In summary, these results demonstrate, first, that measurement of appearance/disappearance kinetics of pulse-labeled neuronal cargo proteins into CSF represents a biomarker for monitoring axonal transport defects and, second, that treatments targeting MT dynamics can improve altered cargo transport kinetics in symptomatic murine models of neurodegeneration.
Altered kinetics of neuronal transport in CSF of PD patients.
Next, we asked whether this approach could reveal differences in patients with neurodegenerative disease compared with non-PD control subjects. The technique for measurement of neuronal transport kinetics in human subjects involves a simple outpatient procedure consisting of daily oral intake of 3 drinks of 2
O (3× 50 ml of 70% 2
O) for a week (the pulse labeling period), followed by 1 or more LPs to collect CSF and collection of blood samples to measure body 2
O enrichments. 2
O has been extensively administered to humans for over 60 years without evidence of toxicities (42
) and has no serious adverse effects in animal systems until it reaches levels greater than 20% of total body water — more than an order of magnitude greater than the levels achieved in these subjects. The labeling protocol of a 7-day pulse dose of 2
O was given to 6 non-PD controls and 12 PD subjects (see Table for clinical details and biochemical assessment in body fluids).
Clinical details of PD patients and biochemical assessment in body fluids
The 6 non-PD control subjects showed a minimal lag period between changes in 2H2O enrichment in body water (the precursor pool) and 2H-cargo appearance (the product) (Figure , A and B), indicative of rapid transit of newly synthesized cargo proteins from the cellular site of synthesis to the site of sampling. PD patients exhibited markedly slower transport kinetics of 2H-cargo, characterized by a pattern of strikingly prolonged release into the CSF (Figure , A and B). Specifically all 12 PD subjects showed persistence of 2H-CHGB, 2H-sAPPα, and 2H-SNCA in CSF at days 15, 21, 22, 23, and 38, instead of a return to baseline enrichments in parallel with the fall in body 2H2O enrichment, as observed in the non-PD control subjects. In 1 PD subject, PD6084, repeated LPs were performed at days 3, 9, 21, and 38, which clearly showed delayed appearance in addition to persistence of 2H-cargo in CSF (Figure B). Stated differently, the 2H-cargo present in CSF during the 2H2O label decay phase from days 15–38 in control subjects had enrichments that reflected almost exactly the Tmax possible at the low body 2H2O enrichments present at the date of CSF sampling, whereas the 2H-cargo in PD patients had enrichments much greater than the possible Tmax if the cargo molecules had been synthesized on that day. Therefore, the cargo must have been synthesized when the body 2H2O enrichments were higher (i.e., at least several days previously).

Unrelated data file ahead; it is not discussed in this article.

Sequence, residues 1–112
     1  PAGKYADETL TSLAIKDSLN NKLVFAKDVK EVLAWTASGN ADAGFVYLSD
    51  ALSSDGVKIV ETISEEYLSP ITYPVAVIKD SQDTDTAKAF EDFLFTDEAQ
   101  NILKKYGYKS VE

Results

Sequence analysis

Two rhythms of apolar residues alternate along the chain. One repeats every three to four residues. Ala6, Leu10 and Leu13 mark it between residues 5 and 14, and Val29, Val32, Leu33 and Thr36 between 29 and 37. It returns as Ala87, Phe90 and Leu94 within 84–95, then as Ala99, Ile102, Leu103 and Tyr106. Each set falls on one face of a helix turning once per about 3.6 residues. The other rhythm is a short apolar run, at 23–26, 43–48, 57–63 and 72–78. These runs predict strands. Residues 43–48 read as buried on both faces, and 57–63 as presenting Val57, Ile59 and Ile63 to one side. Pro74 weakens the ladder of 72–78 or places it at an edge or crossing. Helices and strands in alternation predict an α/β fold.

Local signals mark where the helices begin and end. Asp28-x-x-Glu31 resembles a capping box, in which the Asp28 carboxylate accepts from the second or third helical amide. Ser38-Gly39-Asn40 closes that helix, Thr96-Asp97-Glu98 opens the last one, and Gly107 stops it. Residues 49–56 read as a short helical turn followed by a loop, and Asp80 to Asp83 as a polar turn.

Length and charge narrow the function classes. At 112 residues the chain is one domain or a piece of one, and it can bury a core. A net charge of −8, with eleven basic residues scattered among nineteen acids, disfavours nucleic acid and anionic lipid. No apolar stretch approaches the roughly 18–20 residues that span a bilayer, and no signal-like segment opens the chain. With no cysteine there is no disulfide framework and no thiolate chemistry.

Transport rates of neuronal cargo proteins in CSF of non-PD volunteers.
Differential delays in transport rates of neuronal cargo proteins in CSF of PD subjects.
These results were consistent with a defect in axonal transport. Interestingly, the secretion curves for 2H-NRG1 in the PD subjects were similar to those observed in controls (Figure B), suggestive of altered rates of cargo transport, as reflected in CSF from a distinct degeneration of neuronal subpopulations affected in PD patients.
The persistence of 2H-cargo proteins in CSF of PD patients could not be explained by defective protein clearance from CSF, since no significant changes in the turnover rate (half-life) of total CSF proteins were observed in the PD patients (Supplemental Figure 5C).
A previous radiolabeling study of axonal transport (43
) showed slowing with aging, particularly for slow axonal transport of SNCA. It is therefore conceivable that the transport abnormalities in the PD patients were simply a result of their older age, not of pathology. Despite the difficulties in obtaining a large control cohort of elderly volunteers for routine LP, 4 controls that were close in age to the PD patients (Table ) did not show altered cargo transport kinetics compared with the younger controls (Figure B). Thus, aging per se appears unlikely to explain the changes in CSF secretion rates of cargo molecules observed in PD patients.
In summary, these results demonstrated that CSF kinetic biomarkers of axonal transport were translatable into human subjects and may be useful to assess the status of neurodegeneration and potentially to monitor therapeutic modulation.